Kenya Nyeri Rumukia Thunguri Peaberry – 13KF0089 *52819* – 27087 – GrainPro Bags – SPOT RCWHSE

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Flavor Profile Pomegranate, blackberry, floral, milk chocolate

Please Note This coffee landed more than 8 months ago.

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About this coffee


Smallholder farmers organized around the Thunguri Factory


1650 masl


SL28, SL34, Ruiru 11 and Batian


Volcanic loam


Nyeri County, Kenya


Fully washed and dried on raised beds


September - December



Coffee Background

Mt. Kenya, at the helm of Kenya’s Central Province, is the second tallest peak on the continent of Africa and a commanding natural presence. The mountain itself is a single point inside a vast and surreal thicket of ascending national forest and active game protection communities. The central counties of Kenya extend from the center of the national park, like five irregular pie slices, with their points meeting at the peak of the mountain. It is along the lower edge of the forests where, in wet, high elevation communities with mineral-rich soil (Mt. Kenya is a stratovolcano) many believe the best coffees in Kenya, often the world, are crafted. Nyeri is perhaps the most well-known of these central counties.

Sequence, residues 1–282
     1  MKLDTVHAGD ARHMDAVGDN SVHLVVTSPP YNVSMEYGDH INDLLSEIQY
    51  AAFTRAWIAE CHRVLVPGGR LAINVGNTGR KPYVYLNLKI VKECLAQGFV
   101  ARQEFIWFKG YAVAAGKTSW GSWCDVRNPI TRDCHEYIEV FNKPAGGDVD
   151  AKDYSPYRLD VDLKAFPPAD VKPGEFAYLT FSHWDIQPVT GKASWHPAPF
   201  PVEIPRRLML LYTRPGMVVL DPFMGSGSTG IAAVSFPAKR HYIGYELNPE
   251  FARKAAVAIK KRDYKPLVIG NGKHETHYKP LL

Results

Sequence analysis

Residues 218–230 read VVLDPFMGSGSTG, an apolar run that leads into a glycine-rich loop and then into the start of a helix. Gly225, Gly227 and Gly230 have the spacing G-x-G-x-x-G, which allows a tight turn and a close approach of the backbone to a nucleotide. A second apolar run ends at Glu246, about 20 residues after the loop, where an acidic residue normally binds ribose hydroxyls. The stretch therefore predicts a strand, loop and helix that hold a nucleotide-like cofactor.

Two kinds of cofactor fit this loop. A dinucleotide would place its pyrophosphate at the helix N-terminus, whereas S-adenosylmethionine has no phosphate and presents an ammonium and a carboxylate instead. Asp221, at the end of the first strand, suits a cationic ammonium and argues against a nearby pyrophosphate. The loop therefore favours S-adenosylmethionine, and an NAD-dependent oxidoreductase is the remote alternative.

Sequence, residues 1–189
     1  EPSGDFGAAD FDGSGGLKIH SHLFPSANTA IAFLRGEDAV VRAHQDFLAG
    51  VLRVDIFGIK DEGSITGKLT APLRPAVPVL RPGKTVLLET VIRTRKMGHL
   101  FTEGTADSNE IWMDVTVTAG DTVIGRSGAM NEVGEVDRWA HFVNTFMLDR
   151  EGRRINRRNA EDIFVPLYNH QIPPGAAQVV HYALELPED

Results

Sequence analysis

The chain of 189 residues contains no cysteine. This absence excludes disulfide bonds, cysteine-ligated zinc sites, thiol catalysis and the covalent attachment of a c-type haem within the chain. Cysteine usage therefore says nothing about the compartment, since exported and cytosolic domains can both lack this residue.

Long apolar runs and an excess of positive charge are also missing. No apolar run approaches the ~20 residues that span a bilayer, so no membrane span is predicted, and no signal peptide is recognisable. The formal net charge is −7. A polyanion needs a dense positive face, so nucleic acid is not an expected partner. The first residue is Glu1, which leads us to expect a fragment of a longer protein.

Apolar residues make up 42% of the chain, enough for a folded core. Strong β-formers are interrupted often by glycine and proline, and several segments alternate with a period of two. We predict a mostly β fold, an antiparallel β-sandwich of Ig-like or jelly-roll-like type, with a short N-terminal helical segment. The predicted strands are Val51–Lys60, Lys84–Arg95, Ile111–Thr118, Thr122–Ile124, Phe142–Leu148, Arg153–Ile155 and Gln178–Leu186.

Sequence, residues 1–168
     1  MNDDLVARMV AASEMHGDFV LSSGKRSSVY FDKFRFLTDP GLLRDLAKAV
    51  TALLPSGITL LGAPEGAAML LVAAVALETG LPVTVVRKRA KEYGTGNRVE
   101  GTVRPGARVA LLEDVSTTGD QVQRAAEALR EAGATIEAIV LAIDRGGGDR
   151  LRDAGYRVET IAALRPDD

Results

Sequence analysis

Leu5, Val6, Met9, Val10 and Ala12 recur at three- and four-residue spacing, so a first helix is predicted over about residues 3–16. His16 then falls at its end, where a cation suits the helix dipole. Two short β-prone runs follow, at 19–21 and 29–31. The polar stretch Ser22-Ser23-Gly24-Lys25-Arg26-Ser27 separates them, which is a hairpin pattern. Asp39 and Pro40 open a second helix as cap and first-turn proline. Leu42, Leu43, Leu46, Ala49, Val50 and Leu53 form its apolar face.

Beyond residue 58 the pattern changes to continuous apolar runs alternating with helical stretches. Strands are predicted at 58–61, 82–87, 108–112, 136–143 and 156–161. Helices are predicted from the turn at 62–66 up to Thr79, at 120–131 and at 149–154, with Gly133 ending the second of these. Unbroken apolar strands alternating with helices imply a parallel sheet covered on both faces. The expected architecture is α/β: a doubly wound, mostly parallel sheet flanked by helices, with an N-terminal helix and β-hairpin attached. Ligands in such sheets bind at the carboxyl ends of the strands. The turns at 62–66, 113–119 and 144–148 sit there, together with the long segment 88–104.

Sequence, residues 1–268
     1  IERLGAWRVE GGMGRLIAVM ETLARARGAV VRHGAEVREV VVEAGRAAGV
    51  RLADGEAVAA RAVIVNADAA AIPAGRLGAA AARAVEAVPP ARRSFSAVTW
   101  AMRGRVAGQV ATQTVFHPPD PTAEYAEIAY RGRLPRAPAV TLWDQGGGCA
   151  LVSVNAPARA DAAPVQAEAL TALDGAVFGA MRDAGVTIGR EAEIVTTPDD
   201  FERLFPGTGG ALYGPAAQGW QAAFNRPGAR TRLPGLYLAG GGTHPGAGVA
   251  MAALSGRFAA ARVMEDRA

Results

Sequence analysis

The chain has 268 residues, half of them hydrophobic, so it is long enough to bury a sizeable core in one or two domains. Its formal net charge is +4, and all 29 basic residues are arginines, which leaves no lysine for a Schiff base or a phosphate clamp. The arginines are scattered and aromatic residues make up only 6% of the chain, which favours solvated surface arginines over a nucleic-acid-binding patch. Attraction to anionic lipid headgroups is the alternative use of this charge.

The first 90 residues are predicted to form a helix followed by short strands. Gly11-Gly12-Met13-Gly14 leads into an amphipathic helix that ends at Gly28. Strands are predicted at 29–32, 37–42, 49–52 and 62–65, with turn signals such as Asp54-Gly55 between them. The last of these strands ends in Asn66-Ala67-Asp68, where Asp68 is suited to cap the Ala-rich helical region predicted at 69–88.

Kenya’s coffee is dominated by a cooperative system of production, whose members vote on representation, marketing and milling contracts for their coffee, as well as profit allocation. Rumukia Farmers Cooperative Society (FCS) is an umbrella organization that represents 8 total factories including Thunguri. Rumukia FCS is one of Kenya’s better known societies for quality, and includes producer groups that have become household names among specialty roasters: Kiawamururu, Gatura, and Gaikundo, to name a few. The cooperative society is headquartered in southern Nyeri, close to the Murang’a county border, and the member factories are spread across the immediate region.   

Kenya is of course known for some of the most meticulous at-scale processing that can be found anywhere in the world. Bright white parchment, nearly perfectly sorted by density and bulk conditioned at high elevations is the norm, and a matter of pride, even for generations of Kenyan processing managers who prefer drinking Kenya’s tea (abundantly farmed in nearby Murang’a county) to its coffee. Ample water supply in the central growing regions has historically allowed factories to wash, and wash, and soak, and wash their coffees again entirely with fresh, cold river water.   

Thunguri typically ferments for 27-35 hours depending on ambient conditions (the changing mountain climate, as for many processors, tends to dictate fermentation temperatures, and processing staff are required to check fermentation progress every three hours). After fermentation, the parchment is washed in fresh water and brought to the factory’s raised tables to dry, typically for two weeks. After drying is complete the coffee is conditioned in large perforated bins on site to allow moisture to stabilize, preparing the coffees for transit and a long shelf life. The established milling and sorting by grade, or bean size, is a longstanding tradition and positions Kenya coffees well for roasters, by tightly controlling the physical preparation and creating a diversity of profiles from a single processing batch.